• Drexel’s initial fee on the proposed sale would have been about $15 million as compared to $100+ million in profits that Drexel earned on the overall transaction.
Telephony@Work: Co-Founder/CFO/Chief Strategic Officer | Startup to Acquisition by Oracle Leading to Two Subsequent CCaaS Companies
  • CCaaS (contact center software as a service in the cloud, before people even know about “the cloud”)
  • T@W’s lease was expiring, so we had to move. We found a new location which required a letter of credit for $750,000. T@W was pre-revenue and had only $200,000 in the bank.
  • I obtained a $3 million equity investment at a $100 million pre-money valuation from a hedge fund with no documents on a handshake. I subsequently raised an additional $9 million on the same terms from other investors.
  • I recruited the former President of American Express as President of T@W to provide direction and credibility. I also recruited the VP – Marketing, the VP – Sales and the VP – Finance.
  • I initiated a relationship with the “grassroots” level of AT&T’s engineering team at a trade show. I leveraged this by arranging a lunch for the co-founder/CEO of T@W with a member of AT&T’s board of directors, who was sufficiently impressed with T@W’s software that he then called AT&T’s CEO to recommend T@W. Because of this call, AT&T evaluated T@W in its senior labs within two weeks and became a client.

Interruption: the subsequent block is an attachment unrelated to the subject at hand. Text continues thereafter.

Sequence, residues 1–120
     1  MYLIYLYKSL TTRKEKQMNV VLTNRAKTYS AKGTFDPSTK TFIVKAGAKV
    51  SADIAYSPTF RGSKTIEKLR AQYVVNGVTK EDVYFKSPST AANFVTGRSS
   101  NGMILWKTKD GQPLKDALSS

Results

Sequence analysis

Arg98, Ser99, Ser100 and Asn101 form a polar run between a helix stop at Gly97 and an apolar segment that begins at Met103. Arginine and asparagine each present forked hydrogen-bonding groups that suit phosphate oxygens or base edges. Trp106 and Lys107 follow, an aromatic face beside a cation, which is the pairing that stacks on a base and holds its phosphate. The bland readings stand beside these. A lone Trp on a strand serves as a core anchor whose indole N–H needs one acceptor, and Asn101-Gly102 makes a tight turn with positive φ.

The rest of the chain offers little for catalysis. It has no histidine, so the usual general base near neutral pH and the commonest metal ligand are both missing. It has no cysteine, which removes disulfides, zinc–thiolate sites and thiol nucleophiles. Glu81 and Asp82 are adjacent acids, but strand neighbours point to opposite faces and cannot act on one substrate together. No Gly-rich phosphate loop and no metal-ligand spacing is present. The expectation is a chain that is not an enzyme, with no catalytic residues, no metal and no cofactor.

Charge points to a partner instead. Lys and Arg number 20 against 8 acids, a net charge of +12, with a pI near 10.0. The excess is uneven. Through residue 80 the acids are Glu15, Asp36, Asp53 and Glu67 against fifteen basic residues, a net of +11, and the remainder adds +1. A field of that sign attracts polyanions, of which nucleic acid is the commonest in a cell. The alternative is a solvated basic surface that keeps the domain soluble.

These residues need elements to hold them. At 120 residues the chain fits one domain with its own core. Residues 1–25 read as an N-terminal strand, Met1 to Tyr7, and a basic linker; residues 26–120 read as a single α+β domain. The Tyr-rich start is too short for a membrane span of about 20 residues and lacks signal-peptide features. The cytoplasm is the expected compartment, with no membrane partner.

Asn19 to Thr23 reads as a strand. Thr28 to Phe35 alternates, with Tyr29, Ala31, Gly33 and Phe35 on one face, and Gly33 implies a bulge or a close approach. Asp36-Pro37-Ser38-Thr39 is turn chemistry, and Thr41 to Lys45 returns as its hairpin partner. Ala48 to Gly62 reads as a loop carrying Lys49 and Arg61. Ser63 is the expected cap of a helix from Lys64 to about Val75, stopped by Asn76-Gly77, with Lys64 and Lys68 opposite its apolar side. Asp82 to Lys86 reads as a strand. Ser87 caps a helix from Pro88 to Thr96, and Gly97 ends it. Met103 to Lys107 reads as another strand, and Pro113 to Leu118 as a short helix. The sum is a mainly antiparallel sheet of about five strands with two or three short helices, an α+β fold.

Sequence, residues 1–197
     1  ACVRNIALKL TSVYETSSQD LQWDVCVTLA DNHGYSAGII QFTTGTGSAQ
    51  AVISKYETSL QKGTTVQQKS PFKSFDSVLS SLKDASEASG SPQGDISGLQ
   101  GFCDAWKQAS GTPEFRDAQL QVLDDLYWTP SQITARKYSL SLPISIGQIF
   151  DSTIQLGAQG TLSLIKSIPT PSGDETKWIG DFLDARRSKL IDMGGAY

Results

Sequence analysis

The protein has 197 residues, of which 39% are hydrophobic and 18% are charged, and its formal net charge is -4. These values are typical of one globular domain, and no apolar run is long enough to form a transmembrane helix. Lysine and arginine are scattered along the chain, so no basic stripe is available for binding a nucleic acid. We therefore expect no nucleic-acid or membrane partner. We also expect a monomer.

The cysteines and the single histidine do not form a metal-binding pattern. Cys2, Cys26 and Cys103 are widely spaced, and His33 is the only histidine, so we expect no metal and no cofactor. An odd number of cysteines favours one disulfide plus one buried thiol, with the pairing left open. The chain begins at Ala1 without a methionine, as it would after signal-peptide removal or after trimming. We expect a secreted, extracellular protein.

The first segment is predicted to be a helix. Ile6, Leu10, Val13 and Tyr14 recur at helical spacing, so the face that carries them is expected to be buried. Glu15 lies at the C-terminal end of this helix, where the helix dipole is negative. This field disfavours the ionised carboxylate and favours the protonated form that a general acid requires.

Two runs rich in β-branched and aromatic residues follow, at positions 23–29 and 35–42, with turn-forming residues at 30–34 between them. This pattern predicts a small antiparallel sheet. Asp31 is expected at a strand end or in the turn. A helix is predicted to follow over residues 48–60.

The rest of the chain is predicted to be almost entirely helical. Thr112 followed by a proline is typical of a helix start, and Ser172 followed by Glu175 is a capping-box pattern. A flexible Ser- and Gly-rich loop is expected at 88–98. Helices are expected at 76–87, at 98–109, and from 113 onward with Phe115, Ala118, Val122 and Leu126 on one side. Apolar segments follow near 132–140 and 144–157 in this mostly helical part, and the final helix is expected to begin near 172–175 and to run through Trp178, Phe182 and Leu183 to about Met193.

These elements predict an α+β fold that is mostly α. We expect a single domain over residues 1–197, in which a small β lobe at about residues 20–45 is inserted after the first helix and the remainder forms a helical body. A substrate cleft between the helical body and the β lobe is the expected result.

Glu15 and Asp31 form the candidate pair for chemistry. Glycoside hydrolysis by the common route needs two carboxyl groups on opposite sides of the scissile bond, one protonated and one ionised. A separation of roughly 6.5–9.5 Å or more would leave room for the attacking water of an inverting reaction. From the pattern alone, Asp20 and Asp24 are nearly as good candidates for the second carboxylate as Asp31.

• Oracle acquired T@W in 2006 for $100+ million.
  • I’ve known T@W’s core management team for 20+ years. Five9 acquired this management team’s second firm, SoCoCare, in 2013, which expanded Five9’s “voice only” product to a multi-channel offering, enabling an IPO in 2014 at a valuation of about $320 million. Five9’s current market capitalization is $4.2 billion for an annual return of about 38%. The same management team then launched their third version, Thrio, in 2019, where I’m an investor, an advisor and raised the A round financing. Thrio was named as the best company in its space by Frost and Sullivan twice: 2020 and 2022.
Comstock Investors: Founder | Linked a Startup to a Media Campaign to Revitalize Hong Kong Business
  • One of the companies Comstock advises represents athletes and entertainer celebrity clients in China by developing customized brands and intellectual property which provides the celebrity with perpetual ownership.
  • The Financial Times recently announced that China was investing US $3.8 billion in a campaign to attract international businesses back to Hong Kong.
  • I initiated a dialogue with the Chinese commercial attaché in Washington DC to explore how this company’s clients could assist in publicizing Hong Kong’s business development effort because of these individuals’ universal recognition.